Calspace Courses

 Climate Change · Part One

      Climate Change 1 Syllabus

    1.0 - Introduction
    2.0 - The Earth's Natural Greenhouse Effect
    3.0 - The Greenhouse Gases
    4.0 - CO2 Emissions
    5.0 - The Earth's Carbon Reservoirs
    6.0 - Carbon Cycling: Some Examples
    7.0 - Climate and Weather
    8.0 - Global Wind Systems
    9.0 - Clouds, Storms and Climates

  10.0 Global Ocean Circulation
         · 10.1 - Ocean Circulation & Climate
         · 10.2 - Strawberries in Norway
         · 10.3 - The Icelandic Whirlpool
         · 10.4 - Origin of the Gulf Stream
         · 10.5 - The Deep Atlantic Conveyor

    11.0 - El Niño and the Southern Oscillation
    12.0 - Outlook for the Future

 Climate Change · Part Two
 Introduction to Astronomy
 Life in the Universe

 Glossary: Climate Change
 Glossary: Astronomy
 Glossary: Life in Universe
 

Origin of the Gulf Stream


Cartoon demonstrating the Coriolis force on an object in the Northern Hemisphere. Can you envision the complementary diagram for the Southern Hemisphere?
Mechanism for the Gulf Stream: Early Hypotheses
We have seen that the Gulf Stream plays a major role in determining the climate in the northern hemisphere, by taking heat up to high latitudes. This is especially true for the climate of northern and western Europe. But what mechanism drives the Gulf Stream? This question has given rise to much discussion. Some early writers thought the mighty Mississippi River had something to do with. The Mississippi empties in the Gulf of Mexico, and from there the water has to go somewhere. Could this escape motion set up the Florida Current? And from there become the Gulf Stream? An ocean captain, named Captain Livingston, pointed out that the proposed cause was not equal to the observed effect, with the Mississippi's flow being smaller than that of the Gulf Stream by more than a factor of three thousand, a reasoning that makes good sense.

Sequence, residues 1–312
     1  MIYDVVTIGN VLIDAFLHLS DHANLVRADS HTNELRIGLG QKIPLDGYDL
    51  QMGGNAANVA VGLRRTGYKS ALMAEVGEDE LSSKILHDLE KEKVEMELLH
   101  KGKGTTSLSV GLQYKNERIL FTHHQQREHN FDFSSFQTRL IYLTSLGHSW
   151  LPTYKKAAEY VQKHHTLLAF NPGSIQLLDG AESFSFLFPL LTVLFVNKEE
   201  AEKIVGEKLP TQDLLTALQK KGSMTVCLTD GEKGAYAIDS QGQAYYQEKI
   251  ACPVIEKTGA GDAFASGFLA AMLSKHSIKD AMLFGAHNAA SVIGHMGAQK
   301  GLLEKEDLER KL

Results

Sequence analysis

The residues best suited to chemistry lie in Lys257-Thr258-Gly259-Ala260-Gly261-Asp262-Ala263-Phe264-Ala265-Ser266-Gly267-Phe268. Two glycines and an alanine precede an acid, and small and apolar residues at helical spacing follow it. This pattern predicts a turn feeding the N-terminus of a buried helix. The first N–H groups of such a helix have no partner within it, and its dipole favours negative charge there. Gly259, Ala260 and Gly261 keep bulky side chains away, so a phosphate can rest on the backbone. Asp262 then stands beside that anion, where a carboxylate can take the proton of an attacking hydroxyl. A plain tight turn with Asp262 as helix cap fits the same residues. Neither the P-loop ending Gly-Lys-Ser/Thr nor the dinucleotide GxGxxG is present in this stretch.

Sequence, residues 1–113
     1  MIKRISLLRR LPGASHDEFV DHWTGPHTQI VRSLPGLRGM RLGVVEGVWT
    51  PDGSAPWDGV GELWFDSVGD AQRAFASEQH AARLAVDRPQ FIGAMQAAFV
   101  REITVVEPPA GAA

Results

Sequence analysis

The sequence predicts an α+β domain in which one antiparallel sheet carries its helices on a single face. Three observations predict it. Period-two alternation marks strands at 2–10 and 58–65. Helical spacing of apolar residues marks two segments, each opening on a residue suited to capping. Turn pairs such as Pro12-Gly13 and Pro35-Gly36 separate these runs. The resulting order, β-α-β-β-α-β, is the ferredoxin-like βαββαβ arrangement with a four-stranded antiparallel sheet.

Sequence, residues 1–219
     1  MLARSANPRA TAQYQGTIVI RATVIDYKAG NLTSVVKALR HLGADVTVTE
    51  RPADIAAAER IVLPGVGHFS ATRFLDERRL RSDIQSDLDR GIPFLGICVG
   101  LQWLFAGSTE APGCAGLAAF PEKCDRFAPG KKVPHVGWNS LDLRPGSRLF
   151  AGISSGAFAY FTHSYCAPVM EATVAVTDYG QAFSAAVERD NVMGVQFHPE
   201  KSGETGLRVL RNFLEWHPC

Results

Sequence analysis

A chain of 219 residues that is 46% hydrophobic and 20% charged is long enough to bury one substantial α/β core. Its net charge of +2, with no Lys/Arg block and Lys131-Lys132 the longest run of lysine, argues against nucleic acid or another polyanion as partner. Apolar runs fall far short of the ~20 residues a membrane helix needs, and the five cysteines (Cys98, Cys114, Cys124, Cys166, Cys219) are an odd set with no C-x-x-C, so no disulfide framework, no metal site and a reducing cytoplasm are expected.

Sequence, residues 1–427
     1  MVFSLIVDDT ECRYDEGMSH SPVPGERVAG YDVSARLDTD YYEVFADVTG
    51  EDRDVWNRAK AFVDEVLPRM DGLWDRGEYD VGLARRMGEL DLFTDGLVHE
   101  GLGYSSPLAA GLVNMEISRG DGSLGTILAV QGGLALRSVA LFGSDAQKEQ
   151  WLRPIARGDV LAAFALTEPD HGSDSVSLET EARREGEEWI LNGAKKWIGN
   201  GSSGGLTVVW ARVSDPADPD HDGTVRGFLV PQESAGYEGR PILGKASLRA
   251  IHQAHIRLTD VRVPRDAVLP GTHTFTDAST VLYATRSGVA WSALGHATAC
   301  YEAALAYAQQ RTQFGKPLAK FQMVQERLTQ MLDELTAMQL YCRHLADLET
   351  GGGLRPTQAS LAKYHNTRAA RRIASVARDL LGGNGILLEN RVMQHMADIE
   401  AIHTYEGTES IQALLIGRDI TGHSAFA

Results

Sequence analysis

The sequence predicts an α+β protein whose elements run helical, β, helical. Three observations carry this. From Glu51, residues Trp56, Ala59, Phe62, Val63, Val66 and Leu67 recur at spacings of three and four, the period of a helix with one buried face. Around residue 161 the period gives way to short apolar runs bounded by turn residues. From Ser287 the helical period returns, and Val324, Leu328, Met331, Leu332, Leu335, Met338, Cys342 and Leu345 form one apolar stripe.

Later a man named Benjamin Franklin (yes, that Ben Franklin; 1706-1790) thought that the trade winds piled up surface waters in the Caribbean Sea, and they had to go someplace, so they escaped to the north. Franklin understood that currents under the trade winds move west (in tropical waters) and that the currents under the westerly winds move east (at temperate latitudes). He was the first to make a map of the Gulf Stream, and his insights, gleaned in part from Boston whalers, helped American captains beat the British competition (at least until everyone caught on). Like Franklin, Sir John Herschel, a leading 19th century European scientist, also thought that winds were the supreme current-producing power in the sea.

Commander M. F. Maury, who in the middle of the 19th century provided the first text on the "Physical Geography of the Sea, and its Meteorology," took issue with the wind hypothesis of Franklin and Herschel. Maury knew, as a captain and as one who obtained information from many captains at sea, that the currents do not invariably follow the winds, but run at right angles, or even against the wind. The problem is in fact difficult because currents respond to the wind in a complicated fashion. It took until the middle of the 20th century to sort out why there is a Gulf Stream.